The Pembina is not a small river – it’s significantly larger in both width and flow than both the Platte and Otter Tail.  And this part of North Dakota had plenty of rain in the previous weeks, so the Pembina was running well above the minimum recommended flow of 350 cfm.  Right from the put-in the current was swift and unrelenting, the cloudy, clay-laden water rushing by at 3 to 5 mph with no pools and few eddys in which to stop and rest.  And while not continuous, the class I and I+ rapids came in rapid succession for the first 3/4 of the trip.


While there were occasional signs of ranching and other human activities, the river valley felt remote and barely inhabited; we passed a steel bridge skeleton, long-since abandoned, but no other structures along the immediate river corridor.  The bluffs on the north side of the valley rose steeply at least 200 to 300 feet in places; on the south side the slopes were less steep and more forested.  We heard what sounded like braying cattle not far back from the riverbank, but never saw any cattle, nor for that matter even any barbed wire.

About midway through the journey, as I was beginning a side-trip up a small feeder stream, I heard Diana yell, “Otter!”  As I reversed back into the main channel I saw what she saw – the little furry critter was on the bank right next to the inlet for a small backwater slough, in which he immediately sought shelter when he saw us coming.  We followed him into this shallow pond, where he continually scolded us away, while diving and resurfacing a number of times.  We managed only a few blurry pics and one video but the experience was memorable for both of us.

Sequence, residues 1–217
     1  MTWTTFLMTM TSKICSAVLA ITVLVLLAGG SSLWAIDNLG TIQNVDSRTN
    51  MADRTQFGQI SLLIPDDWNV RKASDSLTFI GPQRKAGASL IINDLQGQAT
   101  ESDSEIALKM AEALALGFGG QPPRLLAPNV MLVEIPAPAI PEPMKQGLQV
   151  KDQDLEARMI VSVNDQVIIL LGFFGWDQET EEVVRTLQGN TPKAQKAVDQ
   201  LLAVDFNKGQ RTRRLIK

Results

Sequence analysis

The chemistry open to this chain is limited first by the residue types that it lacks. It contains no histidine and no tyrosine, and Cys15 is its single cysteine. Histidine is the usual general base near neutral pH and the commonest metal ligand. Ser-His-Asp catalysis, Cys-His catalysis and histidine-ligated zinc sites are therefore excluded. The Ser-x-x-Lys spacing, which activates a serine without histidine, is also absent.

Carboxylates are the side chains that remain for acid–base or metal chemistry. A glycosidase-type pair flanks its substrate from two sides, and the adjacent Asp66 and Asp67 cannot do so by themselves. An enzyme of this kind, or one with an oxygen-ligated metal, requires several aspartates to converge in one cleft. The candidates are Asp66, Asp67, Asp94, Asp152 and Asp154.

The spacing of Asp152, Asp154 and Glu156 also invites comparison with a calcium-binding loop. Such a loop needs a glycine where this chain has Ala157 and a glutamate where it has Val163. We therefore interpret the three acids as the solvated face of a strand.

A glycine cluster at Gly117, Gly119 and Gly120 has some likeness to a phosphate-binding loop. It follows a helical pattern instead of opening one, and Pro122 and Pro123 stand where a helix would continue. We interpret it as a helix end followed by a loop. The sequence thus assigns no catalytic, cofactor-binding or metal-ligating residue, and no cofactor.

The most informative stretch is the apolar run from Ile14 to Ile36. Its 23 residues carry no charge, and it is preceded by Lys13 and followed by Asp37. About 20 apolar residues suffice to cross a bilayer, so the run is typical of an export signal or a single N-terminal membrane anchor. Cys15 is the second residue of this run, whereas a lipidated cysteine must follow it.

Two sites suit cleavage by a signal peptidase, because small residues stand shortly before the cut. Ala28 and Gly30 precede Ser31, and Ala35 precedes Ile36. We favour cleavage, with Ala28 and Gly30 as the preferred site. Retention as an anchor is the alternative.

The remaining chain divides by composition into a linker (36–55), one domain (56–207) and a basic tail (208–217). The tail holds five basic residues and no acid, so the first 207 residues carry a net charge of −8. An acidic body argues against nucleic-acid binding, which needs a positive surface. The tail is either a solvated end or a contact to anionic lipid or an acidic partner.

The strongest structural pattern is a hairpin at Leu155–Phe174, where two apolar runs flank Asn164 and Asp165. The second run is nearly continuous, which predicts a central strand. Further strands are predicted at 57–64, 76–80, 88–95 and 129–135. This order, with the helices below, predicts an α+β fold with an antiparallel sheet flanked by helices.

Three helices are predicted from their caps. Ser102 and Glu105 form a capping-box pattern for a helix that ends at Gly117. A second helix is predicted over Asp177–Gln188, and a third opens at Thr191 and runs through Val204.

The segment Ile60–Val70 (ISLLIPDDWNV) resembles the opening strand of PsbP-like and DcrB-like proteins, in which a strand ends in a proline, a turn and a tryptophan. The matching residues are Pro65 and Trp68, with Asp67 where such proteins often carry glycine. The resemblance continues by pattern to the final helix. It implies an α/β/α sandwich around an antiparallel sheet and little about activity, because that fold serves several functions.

Though the water was very cloudy (less than a foot visibility), obstacles were few and easily avoidable.  I say that but must mention that there was one particular tree-strainer and Diana managed not only to find it, but get her paddle lost in the branches as she tried to negotiate passage through.  Unfortunately I was at the same time traveling through a parallel channel and didn’t see what happened until I arrived at the confluence a couple hundred yards downstream.  Fortunately the water was shallow and the current not so strong, so Diana was able to exit her kayak and wade back up to retrieve her paddle.  But the incident, though not too troublesome, reminded us of our need for waterproof 2-way radios for those times when we might become separated.  The rapids were all easily negotiated and fun to run, though they petered out toward the end as they valley opened up in front of us.

Though there wasn’t a great amount of wildlife, we did see another eagle (that’s three in three paddles so far!), as well as the usual herons, kingfishers, goldfinches, and three mule deer.  And we saw no real signs of human activity on the Pembina, save for the access sites.  At the take-out Diana was able to fairly quickly get a ride from a lifelong Walhalla resident to retrieve Vincent from the put-in, and with thunderstorms threatening, we headed west toward Minot.